If you are like most Minnesotans, your lawn is probably looking crisp and brown this summer. According to the U.S. Drought Monitor map, 98 percent of Minnesota is currently experiencing drought conditions, with 52 percent of the state in a severe or extreme drought. The Minnesota Department of Natural Resources (DNR) estimates that it would take 3-5 inches of rain over the next two weeks to restore us to normal conditions. Unfortunately for our lawns, farms, forests and public water supplies, however, the climate is expected to remain dry.
Meanwhile, at Trinity Lutheran Church in Stillwater, a wide strip of grass along the sidewalk stands out lush and green against a backdrop of crunchy brown turf. Cheery yellow signs along the path offer an explanation; this verdant corridor is actually a newly planted “bee lawn.”
Unlike typical lawns, bee-friendly lawns feature a mix of drought-tolerant fine fescue grasses and low-growing flowers such as Dutch white clover, creeping thyme, and self heal. For people hoping to include additional native species, ground plum, lanceleaf coreopsis, and calico aster are also options. Bee lawns can be mowed at a height of 3-4 inches; over time, the plants “learn” to flower at a lower height.
In some ways, bee lawns are a return to simpler times. Prior to the 1950s and the advent of the modern suburban lawn, most American yards contained clover and other low-growing plants. In the post-World War II era, however, lawn care companies worked hard to establish a new norm, with tidy lawns comprised primarily of Kentucky bluegrass and maintained with constant doses of fertilizer, herbicides, and water. Now, some Americans are ditching high-maintenance lawns in favor of low-mow, bee lawn, and other turf alternatives.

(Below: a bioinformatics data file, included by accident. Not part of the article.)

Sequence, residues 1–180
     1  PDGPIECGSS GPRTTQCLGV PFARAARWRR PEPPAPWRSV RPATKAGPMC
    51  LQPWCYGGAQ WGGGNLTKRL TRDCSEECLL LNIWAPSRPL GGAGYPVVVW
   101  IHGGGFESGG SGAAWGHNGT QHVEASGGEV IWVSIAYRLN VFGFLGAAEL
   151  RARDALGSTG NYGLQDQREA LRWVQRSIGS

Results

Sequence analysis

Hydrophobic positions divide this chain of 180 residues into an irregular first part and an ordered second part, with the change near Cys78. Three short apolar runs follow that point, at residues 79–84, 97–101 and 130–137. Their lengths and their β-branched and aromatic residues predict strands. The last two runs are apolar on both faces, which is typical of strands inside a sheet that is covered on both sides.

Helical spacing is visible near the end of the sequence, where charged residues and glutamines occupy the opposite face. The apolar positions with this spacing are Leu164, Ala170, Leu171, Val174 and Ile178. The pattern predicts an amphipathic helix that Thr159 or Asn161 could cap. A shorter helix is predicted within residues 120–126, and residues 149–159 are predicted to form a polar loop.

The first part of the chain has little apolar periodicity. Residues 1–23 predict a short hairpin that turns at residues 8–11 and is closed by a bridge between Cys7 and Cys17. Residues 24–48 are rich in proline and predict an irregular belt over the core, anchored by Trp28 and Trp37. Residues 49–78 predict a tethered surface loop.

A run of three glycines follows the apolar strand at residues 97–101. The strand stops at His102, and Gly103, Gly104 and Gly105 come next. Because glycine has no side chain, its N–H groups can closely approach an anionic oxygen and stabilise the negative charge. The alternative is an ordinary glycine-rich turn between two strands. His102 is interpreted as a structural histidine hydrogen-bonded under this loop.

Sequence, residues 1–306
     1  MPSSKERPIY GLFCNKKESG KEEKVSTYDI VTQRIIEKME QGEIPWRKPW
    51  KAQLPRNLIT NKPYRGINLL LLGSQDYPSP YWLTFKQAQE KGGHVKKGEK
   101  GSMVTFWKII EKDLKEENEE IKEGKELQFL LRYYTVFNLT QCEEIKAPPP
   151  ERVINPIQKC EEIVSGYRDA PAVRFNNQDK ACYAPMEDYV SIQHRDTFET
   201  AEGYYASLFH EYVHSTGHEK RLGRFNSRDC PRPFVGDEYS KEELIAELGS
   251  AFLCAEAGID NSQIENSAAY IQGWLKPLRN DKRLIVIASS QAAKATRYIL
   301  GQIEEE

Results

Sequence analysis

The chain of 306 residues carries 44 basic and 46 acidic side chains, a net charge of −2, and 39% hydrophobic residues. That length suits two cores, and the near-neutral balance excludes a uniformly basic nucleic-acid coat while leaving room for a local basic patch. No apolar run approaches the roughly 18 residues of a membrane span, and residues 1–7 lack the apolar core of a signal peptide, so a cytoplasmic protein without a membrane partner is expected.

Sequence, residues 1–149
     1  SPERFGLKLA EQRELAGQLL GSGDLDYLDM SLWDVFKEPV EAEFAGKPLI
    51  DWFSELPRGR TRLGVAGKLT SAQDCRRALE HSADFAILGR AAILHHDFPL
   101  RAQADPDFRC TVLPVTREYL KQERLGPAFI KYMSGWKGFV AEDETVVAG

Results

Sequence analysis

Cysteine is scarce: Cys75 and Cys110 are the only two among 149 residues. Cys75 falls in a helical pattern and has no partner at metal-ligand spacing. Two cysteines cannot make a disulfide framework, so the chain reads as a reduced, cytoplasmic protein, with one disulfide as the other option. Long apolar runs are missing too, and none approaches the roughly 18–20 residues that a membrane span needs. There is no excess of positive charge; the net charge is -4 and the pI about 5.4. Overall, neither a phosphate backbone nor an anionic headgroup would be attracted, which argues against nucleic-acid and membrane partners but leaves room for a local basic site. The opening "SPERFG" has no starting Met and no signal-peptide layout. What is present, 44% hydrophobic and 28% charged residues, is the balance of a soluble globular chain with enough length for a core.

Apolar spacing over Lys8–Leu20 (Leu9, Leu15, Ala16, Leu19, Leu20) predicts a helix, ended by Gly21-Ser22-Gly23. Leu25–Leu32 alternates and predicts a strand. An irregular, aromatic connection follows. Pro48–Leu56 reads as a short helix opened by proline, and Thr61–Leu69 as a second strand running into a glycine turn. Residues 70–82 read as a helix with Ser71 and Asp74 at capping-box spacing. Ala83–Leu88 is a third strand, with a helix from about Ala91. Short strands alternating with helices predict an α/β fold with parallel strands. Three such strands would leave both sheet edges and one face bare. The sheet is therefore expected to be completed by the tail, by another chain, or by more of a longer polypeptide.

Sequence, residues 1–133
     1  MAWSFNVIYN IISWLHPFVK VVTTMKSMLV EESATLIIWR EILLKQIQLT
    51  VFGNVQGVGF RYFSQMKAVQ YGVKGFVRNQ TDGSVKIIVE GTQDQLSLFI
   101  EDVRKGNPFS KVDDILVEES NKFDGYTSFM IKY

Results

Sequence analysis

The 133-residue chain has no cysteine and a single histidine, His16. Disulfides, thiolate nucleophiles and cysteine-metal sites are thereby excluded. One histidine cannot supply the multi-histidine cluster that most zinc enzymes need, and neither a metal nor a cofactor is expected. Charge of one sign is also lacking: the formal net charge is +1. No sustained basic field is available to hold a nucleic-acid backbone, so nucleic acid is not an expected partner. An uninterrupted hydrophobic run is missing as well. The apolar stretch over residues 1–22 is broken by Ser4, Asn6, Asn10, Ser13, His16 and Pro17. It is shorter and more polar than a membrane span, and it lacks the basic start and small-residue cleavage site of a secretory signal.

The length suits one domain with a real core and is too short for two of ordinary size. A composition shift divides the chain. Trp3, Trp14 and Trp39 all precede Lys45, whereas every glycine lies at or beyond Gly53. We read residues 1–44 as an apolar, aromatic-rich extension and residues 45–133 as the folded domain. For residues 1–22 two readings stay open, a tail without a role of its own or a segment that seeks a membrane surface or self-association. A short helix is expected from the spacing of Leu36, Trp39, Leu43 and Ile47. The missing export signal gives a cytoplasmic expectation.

As the name implies, the flowering plants in bee lawns provide nectar for bees and other pollinators, many species of which are on the decline. As an added bonus, they are also better suited for dry conditions and do a better job than conventional lawns of soaking up rain due to their deeper root systems. For people reluctant to attract bees to their yards, low-mow turf is another alternative that allows for a more traditional lawn-like appearance without the need for frequent watering, mowing, or fertilizer.
Though there are many benefits to bee lawns and low-mow turf, both are best suited for relatively sunny sites with low foot traffic. At Trinity, members of the church’s Green Team elected to plant the demonstration bee lawn along an edge of their green space that is rarely used for gatherings. They also retained a buffer of conventional lawn along the sidewalk to alleviate concerns about accidental stings to passers-by. Middle St. Croix Watershed Management Organization provided an incentive grant to help fund the demonstration bee lawn and staff from the Washington Conservation District offered advice on how to get started.
If you are interested in establishing a bee lawn or low-mow turf on your property, there are how-to instructions and other resources available at www.BlueThumb.org. Blue Thumb and the East Metro Water Education Program will also co-host a free, online workshop on Sept. 15, 6-7:30pm, with a keynote presentation by James Wolfin, an entomologist and land care manager at Metro Blooms. The workshop is designed to help people prepare for a late fall dormant seeding in November. Register at: tinyurl.com/beelawn2021.